How to Close a SEP IRA

An early withdrawal from your SEP IRA could cost you an extra tax penalty.

An early withdrawal from your SEP IRA could cost you an extra tax penalty.

One advantage to working for an employer who sponsors a simplified employee pension individual retirement account is that unlike other employer plans, including 401(k)s and 403(b)s, you can take your money out at any time, even if you're still working for the company or you're not yet 59 1/2 years old. The downside is that if you're not 59 1/2, you'll owe a 10 percent penalty on the distribution, unless an exception applies. The available exceptions are the same as those for a traditional IRA, and include withdrawals to cover medical expenses exceeding 7.5 percent of your adjusted gross income, medical insurance premiums while you're out of work, higher education costs and up to $10,000 for a first home.

Request a distribution by completing and submitting a SEP IRA distribution request form to your plan administrator. The form requires your name, Social Security number and SEP IRA information. At the end of the year, you will receive a Form 1099-R documenting your distribution for tax purposes.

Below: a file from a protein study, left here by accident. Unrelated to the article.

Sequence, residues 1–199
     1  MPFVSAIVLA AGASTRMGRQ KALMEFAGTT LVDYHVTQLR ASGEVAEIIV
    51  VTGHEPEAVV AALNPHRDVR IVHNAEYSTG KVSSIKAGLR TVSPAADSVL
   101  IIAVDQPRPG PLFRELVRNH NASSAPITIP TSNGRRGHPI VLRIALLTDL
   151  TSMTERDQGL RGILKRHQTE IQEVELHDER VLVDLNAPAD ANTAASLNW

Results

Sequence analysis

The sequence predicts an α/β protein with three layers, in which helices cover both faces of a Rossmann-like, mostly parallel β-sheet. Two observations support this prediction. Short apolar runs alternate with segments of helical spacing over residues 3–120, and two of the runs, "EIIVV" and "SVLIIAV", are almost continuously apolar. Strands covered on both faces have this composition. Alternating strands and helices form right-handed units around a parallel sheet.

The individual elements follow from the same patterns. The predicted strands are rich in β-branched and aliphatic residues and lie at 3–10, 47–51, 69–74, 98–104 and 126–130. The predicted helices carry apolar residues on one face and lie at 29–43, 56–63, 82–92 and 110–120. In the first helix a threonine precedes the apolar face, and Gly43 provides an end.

Report the amount of the distribution on line 15b of Form 1040. This amount is included in your taxable income.

Complete Form 5329 to compute your early withdrawal penalty, since you are taking a distribution before turning 59 1/2 years old. If you qualify for an exception, report the amount of the exception on line 2 and the code, found in the instructions for Form 5329, in the space next to line 2. Any penalty you owe goes on line 58 of Form 1040.

Report any withholding, found in box 4 of your Form 1099-R, on line 62 of Form 1040. This amount decreases your taxes due.


  • If you want to maintain the tax-deferral on the money, roll it over to another qualified tax-deferred retirement plan, such as a traditional IRA, within 60 days of taking the distribution.

About the Author

Mark Kennan is a writer based in the Kansas City area, specializing in personal finance and business topics. He has been writing since 2009 and has been published by "Quicken," "TurboTax," and "The Motley Fool."

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